Opposing the League of Nations

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Source: Congressional Record, 66th Congress, 1st Session, 3779–3784. Available at: https: //www.govinfo.gov /content /pkg /GPO -CRECB -1919 -pt4 -v58 /pdf /GPO -CRECB -1919 -pt4 -v58-14-1.pdf.

. . . If Europe desires such an alliance or league with a power of this kind, then so be it. I have no objection, provided they do not interfere with the American continents or force us against our will but bound by a moral obligation into all the quarrels of Europe. If England, abandoning the policy of Canning,1 desires to be a member of a league which has such powers as this, I have not a word to say. But I object in the strongest possible way to having the United States agree, directly or indirectly, to be controlled by a league which may at any time, and perfectly lawfully and in accordance with the terms of the covenant, be drawn in to deal with the internal conflicts in other countries, no matter what those conflicts may be. We should never permit the United States to be involved in the internal conflict in another country, except by the will of her people expressed through the Congress which represents them.

With regard to wars of external aggression on a member of the league, the case is perfectly clear. There can be no genuine dispute whatever about the meaning of the first clause of article 10. In the first place, it differs from every other obligation in being individual and placed upon each nation without the intervention of the league. Each nation for itself promises to respect and preserve as against external aggression the boundaries and the political independence of every member of the league….

It is, I repeat, an individual obligation. It requires no action on the part of the league, except that in the second sentence the authorities of the league are to have the power to advise as to the means to be employed in order to fulfill the purpose of the first sentence. But that is a detail of execution, and I consider that we are morally and in honor bound to accept and act upon that advice. The broad fact remains that if any member of the league suffering from external aggression should appeal directly to the United States for support the United States would be bound to give that support in its own capacity and without reference to the action of other powers, because the United States itself is bound, and I hope the day will never come when the United States will not carry out its promises. If that day should come, and the United States or any other great country should refuse, no matter how specious the reasons, to fulfill both in letter and spirit every obligation in this covenant, the United States would be dishonored and the league would crumble into dust, leaving behind it a legacy of wars. If China should rise up and attack Japan in an effort to undo the great wrong of the cession of the control of Shantung2 to that power, we should be bound under the terms of article 10 to sustain Japan against China, and a guaranty of that sort is never involved except when the question has passed beyond the stage of negotiation and has become a question for the application of force. I do not like the prospect. It shall not come into existence by any vote of mine. . . .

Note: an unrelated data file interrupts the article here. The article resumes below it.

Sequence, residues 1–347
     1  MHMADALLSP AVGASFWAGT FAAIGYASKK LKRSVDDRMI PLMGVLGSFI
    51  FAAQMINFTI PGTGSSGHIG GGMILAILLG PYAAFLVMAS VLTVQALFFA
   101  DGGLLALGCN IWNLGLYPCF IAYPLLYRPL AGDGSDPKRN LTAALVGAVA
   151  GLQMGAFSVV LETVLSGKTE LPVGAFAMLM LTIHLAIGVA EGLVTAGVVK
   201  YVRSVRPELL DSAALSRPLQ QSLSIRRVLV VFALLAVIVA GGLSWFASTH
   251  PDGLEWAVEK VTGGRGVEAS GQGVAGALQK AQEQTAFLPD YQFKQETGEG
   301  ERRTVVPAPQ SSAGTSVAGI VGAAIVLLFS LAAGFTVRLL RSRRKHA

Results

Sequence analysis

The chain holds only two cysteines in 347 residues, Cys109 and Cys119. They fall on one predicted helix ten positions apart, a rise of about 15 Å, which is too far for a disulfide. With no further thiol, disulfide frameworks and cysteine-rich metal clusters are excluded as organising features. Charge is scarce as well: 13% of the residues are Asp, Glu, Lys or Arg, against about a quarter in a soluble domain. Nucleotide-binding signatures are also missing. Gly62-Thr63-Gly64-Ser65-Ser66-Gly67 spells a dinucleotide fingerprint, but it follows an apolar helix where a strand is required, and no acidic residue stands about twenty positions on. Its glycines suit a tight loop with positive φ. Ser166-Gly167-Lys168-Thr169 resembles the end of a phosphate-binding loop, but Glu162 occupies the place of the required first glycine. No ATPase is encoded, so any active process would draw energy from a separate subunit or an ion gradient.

Those of us, Mr. President [of the Senate], who are either wholly opposed to the league, or who are trying to preserve the independence and the safety of the United States by changing the terms of the league, and who are endeavoring to make the league, if we are to be a member of it, less certain to promote war instead of peace have been reproached with selfishness in our outlook and with a desire to keep our country in a state of isolation. So far as the question of isolation goes, it is impossible to isolate the United States. I well remember the time, twenty years ago, when eminent senators and other distinguished gentlemen who were opposing the Philippines and shrieking about imperialism sneered at the statement made by some of us, that the United States had become a world power.3 I think no one now would question that the Spanish war marked the entrance of the United States into world affairs to a degree which had never obtained before. It was both an inevitable and an irrevocable step, and our entrance into the war with Germany certainly showed once and for all that the United States was not unmindful of its world responsibilities. We may set aside all this empty talk about isolation. Nobody expects to isolate the United States or to make it a hermit nation, which is a sheer absurdity. But there is a wide difference between taking a suitable part and bearing a due responsibility in world affairs and plunging the United States into every controversy and conflict on the face of the globe. By meddling in all the differences which may arise among any portion or fragment of humankind we simply fritter away our influence and injure ourselves to no good purpose. We shall be of far more value to the world and its peace by occupying, so far as possible, the situation which we have occupied for the last twenty years and by adhering to the policy of [George] Washington and [Alexander] Hamilton, of [Thomas] Jefferson and [James] Monroe, under which we have risen to our present greatness and prosperity. The fact that we have been separated by our geographical situation and by our consistent policy from the broils of Europe has made us more than any one thing capable of performing the great work which we performed in the war against Germany and our disinterestedness is of far more value to the world than our eternal meddling in every possible dispute could ever be.